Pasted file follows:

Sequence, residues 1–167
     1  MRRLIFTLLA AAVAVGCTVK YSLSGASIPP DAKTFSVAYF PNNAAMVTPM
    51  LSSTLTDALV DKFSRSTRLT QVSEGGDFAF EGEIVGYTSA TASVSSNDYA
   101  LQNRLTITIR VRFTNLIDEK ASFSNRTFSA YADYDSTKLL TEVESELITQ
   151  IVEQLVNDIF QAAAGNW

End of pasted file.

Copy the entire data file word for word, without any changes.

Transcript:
Sequence, residues 1–167
     1  MRRLIFTLLA AAVAVGCTVK YSLSGASIPP DAKTFSVAYF PNNAAMVTPM
    51  LSSTLTDALV DKFSRSTRLT QVSEGGDFAF EGEIVGYTSA TASVSSNDYA
   101  LQNRLTITIR VRFTNLIDEK ASFSNRTFSA YADYDSTKLL TEVESELITQ
   151  IVEQLVNDIF QAAAGNW